In talking to my producing partners, it seemed that we could do a short BRASS film ourselves. But even a small independent film costs thousands of dollars, and while we got our heads around what it would take to raise the money (always an effort), I couldn’t stop thinking up new adventures for the Brasses family. My co-producer Ron suggested that we could produce a podcast, maybe even a dramatic series, and so after writing the screenplay for the film, I dug in and wrote a 10-part radio serial, setting up their arrival in London and their early encounters with various criminal bosses.
I love the multi-faceted idea of film, podcast, and radio serial!
When I was finished with the radio serial, I passed it on for comment to my playwright friend Louis Broome, who wrote a dynamite play a few years ago called “Texarkana Waltz.” He really liked what I was doing, and so I took a chance and asked if he wanted to co-write a stage play version of BRASS with me. He said yes, and the result, “BRASS: Oh My Azaleas!” is on stage right now at Theater Schmeater, running late-night Fridays and Saturdays from 10:30 to midnight. (It ends October 10th, so if you want to see it, get tickets now.)
Wow John, it seems you are as adventurous as your family of Brasses! A stage production as well! Awesome! You heard it here folks, get your tickets now! I’ll put the information again below.
Someone who would one day love to see her own play produced, I have to ask, what has been the most challenging in this monumental feat you’re pulling off?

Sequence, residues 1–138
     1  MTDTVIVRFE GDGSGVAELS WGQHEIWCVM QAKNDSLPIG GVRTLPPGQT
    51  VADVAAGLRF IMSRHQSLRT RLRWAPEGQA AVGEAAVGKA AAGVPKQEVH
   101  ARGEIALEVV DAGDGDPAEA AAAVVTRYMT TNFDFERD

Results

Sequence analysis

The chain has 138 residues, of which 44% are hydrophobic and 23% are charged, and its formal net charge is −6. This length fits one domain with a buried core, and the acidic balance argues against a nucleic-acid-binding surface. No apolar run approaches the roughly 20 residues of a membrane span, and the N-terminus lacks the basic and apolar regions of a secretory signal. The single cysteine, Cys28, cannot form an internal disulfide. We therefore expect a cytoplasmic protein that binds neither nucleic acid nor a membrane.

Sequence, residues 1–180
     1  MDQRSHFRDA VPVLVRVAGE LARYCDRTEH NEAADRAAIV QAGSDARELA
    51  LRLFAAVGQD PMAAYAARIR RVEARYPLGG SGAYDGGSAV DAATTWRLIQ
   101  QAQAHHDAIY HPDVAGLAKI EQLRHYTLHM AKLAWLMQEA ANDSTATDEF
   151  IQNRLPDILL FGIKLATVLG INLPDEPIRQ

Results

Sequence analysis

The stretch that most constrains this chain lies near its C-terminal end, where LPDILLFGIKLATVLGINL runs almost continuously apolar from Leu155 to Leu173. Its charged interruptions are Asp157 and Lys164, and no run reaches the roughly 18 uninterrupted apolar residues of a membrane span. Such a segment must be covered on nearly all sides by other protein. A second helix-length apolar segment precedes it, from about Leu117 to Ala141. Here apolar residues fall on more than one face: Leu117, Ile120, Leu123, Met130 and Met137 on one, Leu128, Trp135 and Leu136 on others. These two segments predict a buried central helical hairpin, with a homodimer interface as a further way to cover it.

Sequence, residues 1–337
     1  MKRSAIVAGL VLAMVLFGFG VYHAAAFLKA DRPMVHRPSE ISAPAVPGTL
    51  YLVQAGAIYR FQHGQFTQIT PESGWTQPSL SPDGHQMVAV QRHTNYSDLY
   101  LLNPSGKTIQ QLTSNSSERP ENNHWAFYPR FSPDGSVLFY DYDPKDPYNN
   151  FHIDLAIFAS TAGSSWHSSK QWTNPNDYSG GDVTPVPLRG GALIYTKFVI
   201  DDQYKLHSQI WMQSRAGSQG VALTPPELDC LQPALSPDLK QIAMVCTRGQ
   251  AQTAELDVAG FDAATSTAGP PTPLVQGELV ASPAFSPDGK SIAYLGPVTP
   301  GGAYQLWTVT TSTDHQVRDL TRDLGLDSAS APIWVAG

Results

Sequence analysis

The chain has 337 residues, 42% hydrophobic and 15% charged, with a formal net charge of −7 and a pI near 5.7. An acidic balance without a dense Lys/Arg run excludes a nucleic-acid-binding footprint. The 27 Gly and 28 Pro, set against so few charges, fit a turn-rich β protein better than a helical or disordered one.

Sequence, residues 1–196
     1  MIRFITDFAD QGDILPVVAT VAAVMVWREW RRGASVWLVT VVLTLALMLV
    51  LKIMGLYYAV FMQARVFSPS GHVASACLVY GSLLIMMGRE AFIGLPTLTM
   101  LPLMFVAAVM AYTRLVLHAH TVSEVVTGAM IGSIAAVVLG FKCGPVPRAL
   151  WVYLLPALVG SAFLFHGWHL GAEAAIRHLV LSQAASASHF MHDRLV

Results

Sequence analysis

The idea of producing across three different mediums was supposed to create synergy. Of course, timing of various aspects of all of this didn’t match up—it took us much longer to get the radio series edited than we had planned for, as an example. As a result, in the last two weeks I’ve been rehearsing a stage show, getting the radio series out to producers, and running an Indiegogo campaign for the film “The Lair of the Red Widow,” which we’re looking to shoot this fall. Frankly I exceeded my bandwidth, but fortunately for me the show is now open and many more of my evenings are now free.
I would imagine, free to sleep! This is obviously what you are passionate about. What has been the most rewarding?
I love writing and producing radio drama and I find filmmaking fascinating, but for me the greatest reward will probably always be sharing a room with an audience seeing one of my plays. Nothing beats opening night.
Not my words, but theater is about entering as individuals, and leaving as a group. Being bound by a shared experience is fantastic. I can only imagine being the playwright, how even more powerful that is.
So John, can you talk about anything else for you down the road yet? I mean, you obviously don’t have enough going on, but I ask anyway.